tarlabasi3 tarlabasi2 tarlabasi1

 

 

 

 

 

Photos from Rena Effendi: Last Dance of Tarlabaşı

On Tarlabaşı: http://www.tarlabasiistanbul.com/history/

 

Multiculturalism, Assimilation, Integration, Acculturation… another model?

Although this week’s articles look at immigration issues in a European context, I found myself constantly making connections to the related issues faced by the settler societies I am most familiar with. Growing up in the Canadian school system, I remember the issue of multiculturalism in Canada being taught in grade school using the metaphor of the ‘cultural mosaic’ (similar to what Favell calls the British model), to describe a society that uses respect for and acknowledgement of individual difference to create a single, integrated and harmonious image of ‘Canadianness’. This model was taught as a contrasting vision to that of the ‘American melting pot’ (similar to what Favell describes as the French model), in which individual cultural differences are subsumed and blended together to create one homogenous ‘colour blind’ American identity. Not really surprisingly I guess, ‘our’ Canadian model was held up as the superior, more progressive vision of true multiculturalism.

As I came to think more on these issues on my own over the years, it became obvious that not only was this an overly rosy picture of Canadian hospitality and respect for difference, but that one group’s experience was left out of the picture altogether: the country’s original Indigenous inhabitants. As Simon notes, “what is required of ‘immigrants’, and more generally of all those who were required to ‘integrate,’ is defined by the majority group as the characteristics of an ideal citizen.” In the case of settler colonial societies like Canada, this has meant that the dominant (European immigrant) group have required First Nations peoples to integrate, often through violent coercive means, to become their picture of the ideal Westernized citizen. In current debates around ‘illegal immigration’, integration, assimilation and multiculturalism in North America, this historical context is usually left out entirely.

 packing up

When talking with other North Americans about these issues surrounding race and difference, I see many connections to Simon’s observations that a “conception of ‘colourblindness’ actually prevents the perception of unfair treatment.” In practice, despite any rhetoric about the difference between ‘cultural mosaics’ or ‘melting pots’, in my experience both Canadians and Americans are uncomfortable talking about race and structural inequalities, and operate mostly in accordance with Simon’s observation in that their main “strategy against racism [is] to delegitimize the idea of race itself.” This is combined with a commitment to an individualistic ideology that frames racism solely “as individual acts of meanness, not invisible systems conferring dominance” (Peggy McIntosh). Simon’s observation that an anti-racism stance that understands discrimination as “mainly related to individual behaviour prevents any strategy to cope with structural discriminations” is echoed Peggy McIntosh. As she elaborates:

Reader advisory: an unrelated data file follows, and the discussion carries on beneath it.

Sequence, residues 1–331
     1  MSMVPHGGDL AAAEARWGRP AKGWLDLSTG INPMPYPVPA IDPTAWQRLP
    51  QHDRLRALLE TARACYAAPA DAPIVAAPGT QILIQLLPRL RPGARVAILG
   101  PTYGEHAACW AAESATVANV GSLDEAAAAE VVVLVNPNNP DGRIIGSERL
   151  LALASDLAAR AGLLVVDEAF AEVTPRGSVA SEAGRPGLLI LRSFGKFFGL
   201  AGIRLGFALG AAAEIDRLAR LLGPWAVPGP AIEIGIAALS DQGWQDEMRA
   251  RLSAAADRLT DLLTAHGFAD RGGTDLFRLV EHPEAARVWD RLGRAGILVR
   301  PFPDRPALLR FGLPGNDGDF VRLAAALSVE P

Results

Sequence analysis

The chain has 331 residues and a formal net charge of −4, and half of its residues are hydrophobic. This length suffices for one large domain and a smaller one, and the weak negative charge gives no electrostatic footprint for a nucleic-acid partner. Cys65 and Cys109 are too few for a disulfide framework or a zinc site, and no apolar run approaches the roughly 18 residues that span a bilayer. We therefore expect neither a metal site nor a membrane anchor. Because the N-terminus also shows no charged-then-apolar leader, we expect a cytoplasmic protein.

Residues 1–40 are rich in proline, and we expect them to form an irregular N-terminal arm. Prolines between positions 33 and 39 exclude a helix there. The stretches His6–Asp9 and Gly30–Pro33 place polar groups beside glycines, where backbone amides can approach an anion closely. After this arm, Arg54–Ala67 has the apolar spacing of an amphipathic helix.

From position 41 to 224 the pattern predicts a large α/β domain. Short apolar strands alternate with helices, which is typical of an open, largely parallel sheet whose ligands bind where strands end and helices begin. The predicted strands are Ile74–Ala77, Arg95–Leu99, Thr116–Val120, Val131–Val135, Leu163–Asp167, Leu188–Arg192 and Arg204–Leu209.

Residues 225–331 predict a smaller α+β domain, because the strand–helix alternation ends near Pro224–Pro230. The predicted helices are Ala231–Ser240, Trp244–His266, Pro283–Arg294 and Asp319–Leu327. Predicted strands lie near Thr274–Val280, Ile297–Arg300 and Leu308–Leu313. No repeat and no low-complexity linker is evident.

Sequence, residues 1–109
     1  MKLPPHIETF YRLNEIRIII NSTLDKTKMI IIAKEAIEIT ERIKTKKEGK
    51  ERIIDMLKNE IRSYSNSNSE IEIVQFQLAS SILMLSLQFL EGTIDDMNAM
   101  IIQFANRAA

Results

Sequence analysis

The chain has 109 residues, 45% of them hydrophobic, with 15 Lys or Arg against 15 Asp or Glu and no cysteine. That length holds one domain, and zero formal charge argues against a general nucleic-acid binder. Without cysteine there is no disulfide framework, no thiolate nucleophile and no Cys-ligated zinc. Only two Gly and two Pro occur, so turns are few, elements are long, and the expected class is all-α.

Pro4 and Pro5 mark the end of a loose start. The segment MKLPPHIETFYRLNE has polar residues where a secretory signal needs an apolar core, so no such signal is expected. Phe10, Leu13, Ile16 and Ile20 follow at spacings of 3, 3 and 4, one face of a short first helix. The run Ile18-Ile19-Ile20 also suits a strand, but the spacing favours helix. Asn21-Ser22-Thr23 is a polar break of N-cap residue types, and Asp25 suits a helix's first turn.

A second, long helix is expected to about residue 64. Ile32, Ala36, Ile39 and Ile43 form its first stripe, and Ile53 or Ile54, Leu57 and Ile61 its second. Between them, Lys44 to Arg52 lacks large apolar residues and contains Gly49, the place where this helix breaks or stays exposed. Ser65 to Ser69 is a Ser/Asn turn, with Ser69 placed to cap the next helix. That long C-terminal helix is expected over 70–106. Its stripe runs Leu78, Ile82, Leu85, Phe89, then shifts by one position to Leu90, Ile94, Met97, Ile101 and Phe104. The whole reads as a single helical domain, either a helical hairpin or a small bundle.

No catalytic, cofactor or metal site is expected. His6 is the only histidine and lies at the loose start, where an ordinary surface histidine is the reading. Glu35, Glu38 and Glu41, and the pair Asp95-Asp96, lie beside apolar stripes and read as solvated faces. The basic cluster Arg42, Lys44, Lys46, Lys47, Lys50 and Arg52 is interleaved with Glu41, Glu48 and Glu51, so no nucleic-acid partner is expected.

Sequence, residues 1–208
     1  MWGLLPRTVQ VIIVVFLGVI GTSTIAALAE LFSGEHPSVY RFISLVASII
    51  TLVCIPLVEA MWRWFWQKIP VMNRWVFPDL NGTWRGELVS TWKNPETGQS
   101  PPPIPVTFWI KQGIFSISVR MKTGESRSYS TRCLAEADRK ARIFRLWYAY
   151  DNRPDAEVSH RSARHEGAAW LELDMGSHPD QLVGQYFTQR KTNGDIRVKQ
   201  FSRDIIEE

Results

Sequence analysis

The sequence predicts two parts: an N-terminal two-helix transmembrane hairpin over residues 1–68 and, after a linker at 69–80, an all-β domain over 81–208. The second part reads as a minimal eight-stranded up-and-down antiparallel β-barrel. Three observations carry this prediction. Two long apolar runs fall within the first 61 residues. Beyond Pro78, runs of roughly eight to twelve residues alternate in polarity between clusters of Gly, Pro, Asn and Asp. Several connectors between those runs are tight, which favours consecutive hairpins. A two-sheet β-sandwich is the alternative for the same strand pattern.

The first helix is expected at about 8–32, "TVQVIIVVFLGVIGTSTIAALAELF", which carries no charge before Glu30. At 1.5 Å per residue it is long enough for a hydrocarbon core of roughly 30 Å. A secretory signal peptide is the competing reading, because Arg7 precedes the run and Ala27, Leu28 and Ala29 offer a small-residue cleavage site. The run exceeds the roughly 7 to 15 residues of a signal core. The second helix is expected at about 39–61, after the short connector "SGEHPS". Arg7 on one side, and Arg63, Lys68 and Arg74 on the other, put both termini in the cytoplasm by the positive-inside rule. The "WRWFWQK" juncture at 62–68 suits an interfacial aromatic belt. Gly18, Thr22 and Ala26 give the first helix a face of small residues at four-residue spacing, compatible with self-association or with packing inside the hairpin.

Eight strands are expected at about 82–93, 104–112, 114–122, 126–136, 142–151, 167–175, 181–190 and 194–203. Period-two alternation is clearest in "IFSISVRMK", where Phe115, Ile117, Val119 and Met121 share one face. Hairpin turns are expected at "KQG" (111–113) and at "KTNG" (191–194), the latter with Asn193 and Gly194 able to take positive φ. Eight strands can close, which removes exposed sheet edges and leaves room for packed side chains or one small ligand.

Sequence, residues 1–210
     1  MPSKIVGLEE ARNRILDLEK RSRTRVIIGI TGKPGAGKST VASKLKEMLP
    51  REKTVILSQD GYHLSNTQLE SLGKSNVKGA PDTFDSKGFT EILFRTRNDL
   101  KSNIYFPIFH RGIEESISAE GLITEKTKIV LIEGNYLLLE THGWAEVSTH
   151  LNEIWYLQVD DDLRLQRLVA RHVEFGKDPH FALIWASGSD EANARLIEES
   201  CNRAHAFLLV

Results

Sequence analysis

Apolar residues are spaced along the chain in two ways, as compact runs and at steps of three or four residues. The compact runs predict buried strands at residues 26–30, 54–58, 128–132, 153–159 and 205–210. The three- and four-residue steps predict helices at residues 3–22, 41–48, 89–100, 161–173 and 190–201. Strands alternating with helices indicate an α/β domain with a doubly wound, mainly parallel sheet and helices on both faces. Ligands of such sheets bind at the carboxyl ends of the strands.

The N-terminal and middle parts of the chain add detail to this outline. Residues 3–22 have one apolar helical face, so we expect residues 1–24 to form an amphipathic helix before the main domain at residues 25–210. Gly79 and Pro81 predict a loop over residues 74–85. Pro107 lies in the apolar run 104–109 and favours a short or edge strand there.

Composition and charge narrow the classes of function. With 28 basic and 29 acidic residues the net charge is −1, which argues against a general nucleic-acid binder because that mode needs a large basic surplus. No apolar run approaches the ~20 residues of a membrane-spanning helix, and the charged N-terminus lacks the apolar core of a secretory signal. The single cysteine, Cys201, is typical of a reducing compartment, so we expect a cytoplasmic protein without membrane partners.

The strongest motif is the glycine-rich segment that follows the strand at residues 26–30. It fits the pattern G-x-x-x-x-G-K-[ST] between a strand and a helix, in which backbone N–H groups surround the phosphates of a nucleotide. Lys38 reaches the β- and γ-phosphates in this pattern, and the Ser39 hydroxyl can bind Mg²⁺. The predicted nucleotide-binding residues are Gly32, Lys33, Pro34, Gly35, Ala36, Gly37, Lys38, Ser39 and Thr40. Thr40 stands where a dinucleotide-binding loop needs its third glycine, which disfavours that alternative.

“My schooling gave me no training in seeing myself as an oppressor, as an unfairly advantaged person, or as a participant in a damaged culture. I was taught to see myself as an individual whose moral state depended on her individual moral will. My schooling followed the pattern my colleague Elizabeth Minnich has pointed out: whites are taught to think of their lives as morally neutral, normative, and average, and also ideal, so that when we work to benefit others, this is seen as work that will allow “them” to be more like “us.” (White Privilege: Unpacking the Invisible Knapsack).

In this context, a population without some grounding both in it’s own colonial history and a critical understanding of structural oppression becomes all the more easily manipulated by those who would use immigration “as a focus for wider grievances”, and frame it “as a cause of other problems, rather than being viewed as a symptom.”

yeah, this is long…

tldr; just watch this video (with cats!):

Music, Immigration and Transnationalism: Shadia Mansour and Excentrik

For our shared discoveries this week, I decided to research Arab rap and hip hop, since it is an area I really know nothing about. The two songs I have chosen I like both for their message and their sound. The first is in Arabic by Palestinan-British artist Shadia Mansour (featuring American rapper M1), the second in English by Palestinian-American artist Excentrik.

I chose Mansour’s first single, the Keffiyeh is Arab because I think it raises a lot of good questions about cultural appropriation. Written when she discovered that an American company had created a blue and white version of the Keffiyeh with stars of David on it, the lyrics are a call for maintaining the Keffiyeh’s cultural roots, taking pride in that Arab identity and condemning those who have already taken so much (They imitatin’ us in what we wear, wear/ this land is not enough for them/ What else do you want?).

Both in the lyrics of the song and in her interview in Rolling Stone Magazine, Mansour talks about her conflicted identity as an artist in the diaspora (I was raised between fear and evil/ between two areas/ Between the grudging and the poor/ I seen life from both sides) who shares pain and cultural identity with those living in the occupied territories, but with access to privileges they don’t have. M1’s rap connects the situation of the oppressed in Palestine to the situation of the oppressed in the United States (M1 in solidarity from the ghetto to Gaza), where issues of cultural appropriation are also important in the context of the African American community.